Wow. Our experiment is off to a great start—let's see if we can finish it off sooner than expected.
If you take populations as a whole, you find that they become fatter as they become more developed. That's because they have more money, their lifestyles are more sedentary, and they eat more processed food that's high in fat and sugar.
But what about individuals? What explains why some kids are overweight and others aren't? Sarah Kliff gives us a tutorial:
Studies have found that, of the many home-environment factors at play, maternal obesity is the best predictor of childhood obesity, even more so than low family income or less cognitive stimulation.
But more recent research, particularly a highly cited study in the American Journal of Clinical Nutrition, suggested that was more a question of genes than habits. The study, which followed 5,092 pairs of British twins ages 8 to 11, found that the most influence parents have on obesity is actually genetic, a factor of inheritance, rather than the environment. “Contrary to widespread assumptions about the influence of the family environment, living in the same home in childhood appears to confer little similarity in adult BMI [body mass index],” authors Jane Wardle, Susan Carnell, Claire Haworth and Robert Plomin write.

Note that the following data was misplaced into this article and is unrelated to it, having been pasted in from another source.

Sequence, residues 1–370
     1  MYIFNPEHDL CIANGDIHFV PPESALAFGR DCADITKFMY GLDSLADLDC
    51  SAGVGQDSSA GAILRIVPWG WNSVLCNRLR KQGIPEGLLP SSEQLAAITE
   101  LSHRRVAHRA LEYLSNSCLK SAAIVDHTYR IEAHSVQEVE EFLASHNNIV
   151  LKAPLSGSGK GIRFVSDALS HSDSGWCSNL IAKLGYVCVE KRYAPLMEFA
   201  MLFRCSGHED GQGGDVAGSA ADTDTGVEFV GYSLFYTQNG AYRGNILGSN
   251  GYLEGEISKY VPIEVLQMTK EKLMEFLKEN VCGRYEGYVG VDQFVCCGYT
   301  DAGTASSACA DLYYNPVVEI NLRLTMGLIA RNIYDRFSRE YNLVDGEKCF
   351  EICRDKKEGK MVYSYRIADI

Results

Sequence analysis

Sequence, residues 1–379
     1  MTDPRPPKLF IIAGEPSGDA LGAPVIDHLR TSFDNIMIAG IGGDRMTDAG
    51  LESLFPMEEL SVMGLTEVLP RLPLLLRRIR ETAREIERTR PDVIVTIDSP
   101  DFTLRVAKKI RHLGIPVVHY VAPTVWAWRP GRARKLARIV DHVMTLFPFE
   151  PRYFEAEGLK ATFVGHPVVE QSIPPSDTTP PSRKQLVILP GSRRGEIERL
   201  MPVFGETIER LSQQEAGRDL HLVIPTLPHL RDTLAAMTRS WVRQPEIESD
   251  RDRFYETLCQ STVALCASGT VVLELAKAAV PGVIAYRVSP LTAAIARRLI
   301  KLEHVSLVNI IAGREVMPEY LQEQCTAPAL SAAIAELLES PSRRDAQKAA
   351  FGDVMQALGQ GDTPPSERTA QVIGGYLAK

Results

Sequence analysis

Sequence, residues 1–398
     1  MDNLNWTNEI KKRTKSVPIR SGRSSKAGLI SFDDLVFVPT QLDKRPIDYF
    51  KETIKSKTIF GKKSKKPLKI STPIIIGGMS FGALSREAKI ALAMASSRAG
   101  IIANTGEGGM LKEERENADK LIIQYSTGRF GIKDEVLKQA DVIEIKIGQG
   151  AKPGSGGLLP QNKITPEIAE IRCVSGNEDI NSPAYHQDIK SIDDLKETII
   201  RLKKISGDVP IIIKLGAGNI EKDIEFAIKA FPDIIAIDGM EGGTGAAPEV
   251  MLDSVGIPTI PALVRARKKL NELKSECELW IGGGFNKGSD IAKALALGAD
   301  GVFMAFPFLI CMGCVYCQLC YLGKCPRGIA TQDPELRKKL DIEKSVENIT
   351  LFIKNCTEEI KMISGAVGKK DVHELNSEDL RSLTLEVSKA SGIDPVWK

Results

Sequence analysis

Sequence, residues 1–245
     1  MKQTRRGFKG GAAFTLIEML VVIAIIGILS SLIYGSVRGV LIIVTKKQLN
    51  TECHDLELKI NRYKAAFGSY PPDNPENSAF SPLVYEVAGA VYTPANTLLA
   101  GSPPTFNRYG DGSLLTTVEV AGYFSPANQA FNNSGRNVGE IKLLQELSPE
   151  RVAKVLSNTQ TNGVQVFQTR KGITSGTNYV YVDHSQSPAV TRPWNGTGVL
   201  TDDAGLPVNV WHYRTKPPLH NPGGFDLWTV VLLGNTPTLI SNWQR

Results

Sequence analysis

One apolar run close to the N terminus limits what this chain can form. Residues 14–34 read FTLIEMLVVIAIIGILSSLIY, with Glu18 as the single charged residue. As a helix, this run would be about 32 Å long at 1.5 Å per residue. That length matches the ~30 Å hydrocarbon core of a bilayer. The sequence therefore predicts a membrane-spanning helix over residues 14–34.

....“Although contemporary environments have made today’s children fatter than were children 20 years ago, the primary explanation for variations within the population, then and now, is genetic differences between individual children,” they write.
This hardly absolves parents from trying to instill good eating practices in their kids or the food industry from assaulting the airwaves with fat-laden crap. But it does suggest that maybe we should ease up on all the brickbats aimed at bad parenting. In many cases, the modern food industry is knocking on an open door.